Boston’s WBIX (1260) went from Salem to International Church of the Grace of God, which had been leasing the signal for its “Radio Nossa” Portuguese-language programming. The church paid $685,000 for the station, and is buying the transmitter site in a separate deal. That site will also be the diplexed home of WMEX (1510 Boston), for which Ed Perry paid $125,000 to Daly XXL.
In New York, NY Metro Radio Korea paid $1.75 million for WNYZ-LP (Channel 6), the host license for its 87.7 MHz “Franken-FM” signal, which it had been leasing from Island Broadcasting.
Up in Portland, Maine, Ion Media paid Ironwood Communications $900,000 for WPME (Channel 35), moving Ion from 35.2 to 35.1 and replacing MyNetwork TV.
A big surprise in Utica hit mid-month, when Ed Levine’s Galaxy Broadcasting announced a $3.95 million deal to sell rocker WOUR (96.9) to crosstown Townsquare, adding a fourth big FM to that cluster and leaving Galaxy with two FMs, an AM sports trio and an adult hits HD2/translator. Why do it? Because that cash helped Levine buy out his downstate investors and refinance his station group with local partners.
Just $55,000 for legendary KQV (1410 Pittsburgh)? Yes – because buyer Bob Stevens’ Broadcast Communications Inc. was buying only the license for the silent station from Calvary, Inc.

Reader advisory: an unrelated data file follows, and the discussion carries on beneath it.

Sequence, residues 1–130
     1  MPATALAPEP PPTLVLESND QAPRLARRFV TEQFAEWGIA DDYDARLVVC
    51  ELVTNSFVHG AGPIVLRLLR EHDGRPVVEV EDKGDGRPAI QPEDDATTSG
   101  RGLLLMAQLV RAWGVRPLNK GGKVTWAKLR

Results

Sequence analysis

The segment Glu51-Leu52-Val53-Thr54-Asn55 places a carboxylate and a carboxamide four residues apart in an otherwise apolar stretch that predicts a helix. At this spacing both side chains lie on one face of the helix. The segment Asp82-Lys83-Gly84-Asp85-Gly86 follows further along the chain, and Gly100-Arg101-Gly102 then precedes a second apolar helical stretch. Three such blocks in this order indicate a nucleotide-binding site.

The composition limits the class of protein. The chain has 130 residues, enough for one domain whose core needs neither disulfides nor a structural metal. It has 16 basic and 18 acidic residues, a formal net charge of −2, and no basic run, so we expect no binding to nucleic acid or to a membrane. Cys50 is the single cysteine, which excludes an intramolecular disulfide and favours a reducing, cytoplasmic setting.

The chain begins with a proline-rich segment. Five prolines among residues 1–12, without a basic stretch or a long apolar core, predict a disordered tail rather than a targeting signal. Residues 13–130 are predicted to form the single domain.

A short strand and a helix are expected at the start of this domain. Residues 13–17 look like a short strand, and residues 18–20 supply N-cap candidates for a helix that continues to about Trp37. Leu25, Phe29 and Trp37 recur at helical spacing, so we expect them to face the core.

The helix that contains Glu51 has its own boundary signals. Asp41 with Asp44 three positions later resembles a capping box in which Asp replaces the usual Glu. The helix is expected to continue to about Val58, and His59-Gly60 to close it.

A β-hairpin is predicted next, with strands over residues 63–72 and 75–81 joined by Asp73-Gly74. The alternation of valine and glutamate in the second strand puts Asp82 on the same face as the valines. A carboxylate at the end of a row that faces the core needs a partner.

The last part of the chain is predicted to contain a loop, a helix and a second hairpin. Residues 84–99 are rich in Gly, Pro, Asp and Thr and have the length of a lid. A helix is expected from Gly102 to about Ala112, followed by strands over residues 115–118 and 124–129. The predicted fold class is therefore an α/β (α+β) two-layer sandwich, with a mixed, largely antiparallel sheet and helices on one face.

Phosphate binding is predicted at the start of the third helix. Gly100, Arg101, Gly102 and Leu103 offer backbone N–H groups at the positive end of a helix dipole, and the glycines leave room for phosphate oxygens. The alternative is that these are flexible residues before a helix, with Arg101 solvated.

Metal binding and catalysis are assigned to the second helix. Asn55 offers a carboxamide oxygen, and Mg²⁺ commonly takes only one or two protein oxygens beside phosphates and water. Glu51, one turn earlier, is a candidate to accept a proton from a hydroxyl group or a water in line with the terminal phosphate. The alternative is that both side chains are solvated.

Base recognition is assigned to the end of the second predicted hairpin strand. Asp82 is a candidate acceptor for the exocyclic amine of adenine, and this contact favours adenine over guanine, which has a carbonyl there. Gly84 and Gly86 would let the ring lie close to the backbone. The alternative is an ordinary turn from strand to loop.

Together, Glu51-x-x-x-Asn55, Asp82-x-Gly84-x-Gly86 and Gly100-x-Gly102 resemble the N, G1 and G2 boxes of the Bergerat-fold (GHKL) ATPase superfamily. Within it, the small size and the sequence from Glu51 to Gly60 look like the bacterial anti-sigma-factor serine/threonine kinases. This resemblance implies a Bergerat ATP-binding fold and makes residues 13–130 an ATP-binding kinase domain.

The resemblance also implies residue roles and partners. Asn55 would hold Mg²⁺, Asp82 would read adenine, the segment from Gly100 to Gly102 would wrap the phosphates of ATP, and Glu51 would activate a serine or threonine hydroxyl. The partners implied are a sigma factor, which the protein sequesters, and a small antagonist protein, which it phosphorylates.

After selling its own RF spectrum in the Hudson Valley, TBN paid $13 million to LocusPoint for WDVB-CD (Channel 23) in New York, the channel-sharing host for TBN’s “zombie” license, WTBY (Channel 54).
It wasn’t a radio station, per se, but New York Public Radio made a big acquisition by picking up the shuttered Gothamist website from former owner Joe Ricketts.
Connoisseur was selling again, this time in New Jersey, where Townsquare solidified its Trenton-market dominance with a $17 million deal adding top-40 WPST (94.5), plus smaller AMers WNJE (920) and WCHR (1040), to its big “New Jersey 101.5,” WKXW.